spatial autocorrelation

spatial autocorrelation

[′spā·shəl ¦ȯd·ō‚kä·rə′lā·shən]
(geography)
In mathematical geography, the degree of interdependence among data arranged on a three-dimensional grid.
References in periodicals archive ?
The results support the work of Anselin and Sridharan (2002), which suggests that positive spatial autocorrelation (High-High and Low-Low) is associated with contagious mobility while negative spatial autocorrelation (High-Low and Low-High) is associated with spatial outliers or hierarchical mobility.
A statistic of spatial autocorrelation, such as Moran's I [15, 16], provides the tool to test this hypothesis.
This spatial weights matrix forms the basis from which the degree of spatial autocorrelation (for example, Moran's I, a statistic that measures clustering) can be calculated for the dependent variable.
To further evaluate the robustness of the estimates produced by Equations (1) and (2) we also conduct a spatial autocorrelation analysis.
(2005), by generalizing the notion of a map to include demographic and psychometric representations, spatial models can capture a variety of effects (spatial lags, spatial autocorrelation, and spatial drift) that affect firm or consumer decision behavior.
We develop and compare 40 different spatial weights matrices and choose the one that achieves a high coefficient of spatial autocorrelation in combination with a high level of statistical significance.
4:00 TESTING SPATIAL AUTOCORRELATION FOR USE IN DIFFERENTIATING EVAPORATIVE RESIDUES, Scott M.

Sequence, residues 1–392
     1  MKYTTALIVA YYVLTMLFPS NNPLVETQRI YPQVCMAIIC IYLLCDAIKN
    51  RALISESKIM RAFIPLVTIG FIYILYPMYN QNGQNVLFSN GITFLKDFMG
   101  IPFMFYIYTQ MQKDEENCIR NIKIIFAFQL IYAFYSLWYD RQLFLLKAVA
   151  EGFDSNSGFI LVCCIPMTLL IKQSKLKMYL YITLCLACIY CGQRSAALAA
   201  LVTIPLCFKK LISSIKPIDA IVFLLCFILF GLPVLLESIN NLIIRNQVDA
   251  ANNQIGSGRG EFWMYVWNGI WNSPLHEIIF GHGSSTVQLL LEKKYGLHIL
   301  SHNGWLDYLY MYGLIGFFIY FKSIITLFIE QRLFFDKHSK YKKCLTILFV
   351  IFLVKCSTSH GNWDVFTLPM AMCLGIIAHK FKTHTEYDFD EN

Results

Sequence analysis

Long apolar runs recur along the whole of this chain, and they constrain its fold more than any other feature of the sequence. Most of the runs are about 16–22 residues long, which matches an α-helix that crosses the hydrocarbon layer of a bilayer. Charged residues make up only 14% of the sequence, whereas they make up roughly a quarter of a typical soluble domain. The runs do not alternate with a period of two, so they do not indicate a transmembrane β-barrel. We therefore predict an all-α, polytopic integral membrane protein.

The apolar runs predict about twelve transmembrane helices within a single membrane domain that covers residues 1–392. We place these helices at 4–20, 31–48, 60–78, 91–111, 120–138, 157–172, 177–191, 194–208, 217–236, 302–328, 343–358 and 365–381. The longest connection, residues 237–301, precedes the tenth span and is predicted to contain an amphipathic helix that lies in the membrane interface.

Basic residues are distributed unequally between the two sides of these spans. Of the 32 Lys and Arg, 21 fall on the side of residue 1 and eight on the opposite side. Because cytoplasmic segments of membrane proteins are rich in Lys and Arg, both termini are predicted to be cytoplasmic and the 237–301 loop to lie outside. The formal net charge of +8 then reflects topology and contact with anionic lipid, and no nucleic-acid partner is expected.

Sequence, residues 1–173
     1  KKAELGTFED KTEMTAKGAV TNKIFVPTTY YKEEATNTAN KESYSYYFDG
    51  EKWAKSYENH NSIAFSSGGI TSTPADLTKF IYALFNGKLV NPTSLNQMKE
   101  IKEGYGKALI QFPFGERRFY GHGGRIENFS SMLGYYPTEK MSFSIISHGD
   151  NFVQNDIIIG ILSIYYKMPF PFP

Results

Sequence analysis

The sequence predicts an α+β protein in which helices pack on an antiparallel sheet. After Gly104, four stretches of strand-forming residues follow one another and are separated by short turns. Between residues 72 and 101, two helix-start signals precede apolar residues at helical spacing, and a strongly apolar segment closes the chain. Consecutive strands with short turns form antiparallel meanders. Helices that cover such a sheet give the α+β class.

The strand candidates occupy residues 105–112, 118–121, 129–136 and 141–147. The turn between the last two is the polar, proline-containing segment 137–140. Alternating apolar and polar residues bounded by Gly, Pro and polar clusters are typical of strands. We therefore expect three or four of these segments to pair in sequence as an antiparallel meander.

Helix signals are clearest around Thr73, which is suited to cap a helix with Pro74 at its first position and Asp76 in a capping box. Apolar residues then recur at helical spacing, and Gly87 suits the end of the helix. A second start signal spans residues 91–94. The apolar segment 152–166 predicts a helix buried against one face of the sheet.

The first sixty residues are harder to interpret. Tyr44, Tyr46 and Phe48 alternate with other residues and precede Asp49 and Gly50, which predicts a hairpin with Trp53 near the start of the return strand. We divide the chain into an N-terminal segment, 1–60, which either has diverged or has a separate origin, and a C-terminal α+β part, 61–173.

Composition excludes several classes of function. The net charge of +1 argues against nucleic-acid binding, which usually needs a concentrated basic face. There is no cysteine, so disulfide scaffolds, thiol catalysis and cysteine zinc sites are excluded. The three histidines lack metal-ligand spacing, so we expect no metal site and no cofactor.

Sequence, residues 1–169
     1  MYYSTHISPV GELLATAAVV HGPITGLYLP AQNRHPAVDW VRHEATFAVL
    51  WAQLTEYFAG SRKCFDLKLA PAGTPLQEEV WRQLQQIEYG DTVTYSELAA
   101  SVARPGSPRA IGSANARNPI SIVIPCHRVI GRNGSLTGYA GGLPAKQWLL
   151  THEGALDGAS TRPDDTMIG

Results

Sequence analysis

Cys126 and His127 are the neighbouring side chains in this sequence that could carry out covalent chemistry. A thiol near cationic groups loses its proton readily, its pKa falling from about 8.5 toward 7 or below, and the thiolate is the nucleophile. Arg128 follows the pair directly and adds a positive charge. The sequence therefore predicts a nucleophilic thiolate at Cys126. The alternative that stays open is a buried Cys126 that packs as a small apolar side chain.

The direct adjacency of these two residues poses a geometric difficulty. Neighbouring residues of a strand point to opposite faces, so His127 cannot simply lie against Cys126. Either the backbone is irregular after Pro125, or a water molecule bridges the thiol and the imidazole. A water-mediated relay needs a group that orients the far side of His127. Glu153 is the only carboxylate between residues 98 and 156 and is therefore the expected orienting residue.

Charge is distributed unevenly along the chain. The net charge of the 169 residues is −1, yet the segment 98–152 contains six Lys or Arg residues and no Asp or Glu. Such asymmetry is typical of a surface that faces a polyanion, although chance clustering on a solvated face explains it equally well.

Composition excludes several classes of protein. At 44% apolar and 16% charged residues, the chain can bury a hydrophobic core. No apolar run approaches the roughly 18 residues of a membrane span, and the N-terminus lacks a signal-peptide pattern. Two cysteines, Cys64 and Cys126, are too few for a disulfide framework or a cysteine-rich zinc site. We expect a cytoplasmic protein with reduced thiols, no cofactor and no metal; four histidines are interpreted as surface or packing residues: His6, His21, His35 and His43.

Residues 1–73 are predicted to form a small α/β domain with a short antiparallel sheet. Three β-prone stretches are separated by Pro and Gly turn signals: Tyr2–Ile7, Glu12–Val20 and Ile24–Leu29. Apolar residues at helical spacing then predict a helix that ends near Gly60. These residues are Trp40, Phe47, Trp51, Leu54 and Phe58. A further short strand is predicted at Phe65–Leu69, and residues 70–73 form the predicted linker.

Having established the spatial distribution of employment by sector, the paper analyses the spatial patterns of this distribution using a number of spatial statistical methods such as tests for spatial autocorrelation. This analysis uncovers the locational preferences of individual sectors, the degree to which specific sectors agglomerate and coagglomerate, and thus shows the degree of urbanisation effects and differences across urban and rural areas regarding economic activity.
Results were evaluated with Moran and Geary's spatial autocorrelation index, dispersion maps (Kriging technique) and variance analyses (ANOVA).
The main focus of this study was the estimation of spatial autocorrelation and the authors highlight the importance of testing for and estimating models that are sensitive to spatial effects.
Spatial autocorrelation statistics (Cliff and Ord, 1973; Goodchild, 1986) were used to test the null hypothesis [H.sub.0] of no spatial autocorrelation between WS% per square throughout the site.
Fourth, a spatial autocorrelation analysis (using the Moran's I index) provides statistical substantiation that the most influential FIRE firms (in terms of sales and employment) in the Toronto CMA continue to cluster in south-central Toronto.
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